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In contrast to its ethereal title, Ben Abraham’s Sirens is deeply human. Its songs were written over the artist’s developing years as a writer and, by now, the album has become a kind of musical documentary of the loss, longing and growth that carried him from his very first lyric to this, his first long-player.
As a teenager, Ben Abraham had made a few misguided steps in the direction of a mainstream pop career. The experience was “mortifying”, and so, despite his parents’ own previous pop-star status (this in his father’s native Indonesia), the Melbournian teen abandoned music for screenwriting, and immersed himself in a different world of telling stories.
Slowly but inevitably, music found its way back in. Abraham couldn’t help but pick up his guitar to help him process the relationships he was navigating. An unexpected watershed came during his studies, when he found a part time job entertaining kids in a hospital. He began writing “a half song” about his role, which he played to a teenager suffering from anorexia, and encouraged her to write a second verse. When the song was finished and news got out, Abraham was asked to perform it at fundraisers. “That’s when I knew music really could be something: it didn’t have to be whatever I thought it was before.”
Eight years on, Ben Abraham has toured with Emmylou Harris, co-written with Grammy-nominated singer Sarah Barreilles (more on which later), and made Sirens, his debut album. With a modest self-release in Australia, Sirens finds Abraham already encroaching on household-name status there, as the album gears up for a worldwide release via Secretly Canadian.
Sirens owes much of its narrative to Abraham’s insecurity regarding who he was, and what direction he should take. “It was about my naïve longing for something other – something that’s over there and not here, during a time when I trying out this and that sound. Am I the funny guy who plays a ukulele? Or the sad sack? Or the soul singer? These voices, like sirens, were saying ‘come here…’ But I emerged on the other side with a greater sense of self and identity. It’s why the album finishes with the same melodic motif, like a film device.”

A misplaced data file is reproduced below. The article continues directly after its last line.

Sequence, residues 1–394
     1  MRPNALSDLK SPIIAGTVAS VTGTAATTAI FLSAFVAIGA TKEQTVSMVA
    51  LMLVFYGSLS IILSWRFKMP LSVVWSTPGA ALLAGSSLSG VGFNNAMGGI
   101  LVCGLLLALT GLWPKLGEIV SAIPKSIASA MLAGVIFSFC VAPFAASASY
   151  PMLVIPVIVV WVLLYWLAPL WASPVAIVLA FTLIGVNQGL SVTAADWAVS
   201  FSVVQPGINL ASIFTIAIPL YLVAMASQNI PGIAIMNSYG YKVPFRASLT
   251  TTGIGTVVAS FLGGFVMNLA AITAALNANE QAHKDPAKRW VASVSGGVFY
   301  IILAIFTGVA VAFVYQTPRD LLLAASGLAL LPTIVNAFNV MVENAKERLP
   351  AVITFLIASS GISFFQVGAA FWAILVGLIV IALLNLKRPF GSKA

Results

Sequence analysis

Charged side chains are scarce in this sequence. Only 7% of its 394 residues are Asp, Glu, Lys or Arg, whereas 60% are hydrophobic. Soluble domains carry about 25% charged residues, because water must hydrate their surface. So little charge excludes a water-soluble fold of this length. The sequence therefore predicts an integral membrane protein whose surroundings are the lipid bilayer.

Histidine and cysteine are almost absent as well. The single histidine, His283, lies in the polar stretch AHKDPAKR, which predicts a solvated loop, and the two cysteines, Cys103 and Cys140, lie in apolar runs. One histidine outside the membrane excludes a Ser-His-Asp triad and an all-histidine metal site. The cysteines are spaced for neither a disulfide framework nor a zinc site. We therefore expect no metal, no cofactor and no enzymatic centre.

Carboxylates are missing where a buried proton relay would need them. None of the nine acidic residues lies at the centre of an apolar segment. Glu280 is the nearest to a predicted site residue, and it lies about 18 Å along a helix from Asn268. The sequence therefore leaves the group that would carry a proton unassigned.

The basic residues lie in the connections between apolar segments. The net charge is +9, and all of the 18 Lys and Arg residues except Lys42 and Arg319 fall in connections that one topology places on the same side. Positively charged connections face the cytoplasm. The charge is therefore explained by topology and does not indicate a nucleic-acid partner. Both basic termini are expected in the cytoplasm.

His parents’ previous careers as Indonesian folk-pop stars had an influence –
“They were huge in Asia! They had such strong harmonies and melodies, and cheesy, literal lyrics. They don’t do irony, but once you’ve surrendered, it’s quite beautiful. I write earnest lyrics too, but that’s where I was when I wrote these songs. And maybe people are responding because they want something honest and spiritual, because so much pop culture explores destruction.”
Sirens was recorded with two local friends, Jono Steer (who was Abraham’s live mixer) and percussionist Leigh Fisher. A number of other Melbourne musicians joined in on sessions, including Gossling, whose angelic voice can be heard in the opening track. Gotye helped produce the haunting vocals on ‘Speak’, while experimental electronic producer Tim Shiel assisted on ‘This Is On Me’.
The story arc of Sirens is roughly in three parts. The first songs (from ‘Time’ to ‘You And Me’) encapsulate what Abraham describes as the “introspection and naive longing of my early twenties.” ‘Collide’ to ‘Speak’ represents “deeper themes” before the final act (‘Somebody’s Mother’ to ‘A Quiet Prayer’) “are more outward-focused. I wanted to release music that’s an evolution of my work, to tell a story, like I’m growing. I play it live in the same order.”
‘This Is On Me’, co-written/sung with Sara Bareilles, has its own story. “I’d found Sara back in the old MySpace days. She’s a great singer and songwriter, but what connected me the most to her was her lack of pretence – she wrote this sprawling, personal biography for herself, as I’d also done, and she was trying to find way through on her own, like me. But how best to get her attention? So I posted a song [‘To Sara, From Ben’] on You Tube.”
Bareilles’ fans began to Tweet the video and it grabbed her attention. When she played Melbourne in 2011, she invited Abraham up on stage (they co-sang a cover of Bruce Springsteen’s ‘I’m On Fire’), and so their collaboration was subsequently born. ‘This Is On Me’ is a fictional tale of a couple “who both know their relationship is over, but both are taking responsibility for it.” By the time it was recorded, Abraham had split with his girlfriend: “The song became, word for word, a scarily accurate story of what actually happened.”
With the focal points of Sirens being so deeply personal, Abraham plans to tour solo (on guitar, ukulele, piano and harmonium), as he ventures outside of Australia to seduce the world with his songs, stories and charm. The sirens are calling you his way….
There are currently no tour dates for Ben Abraham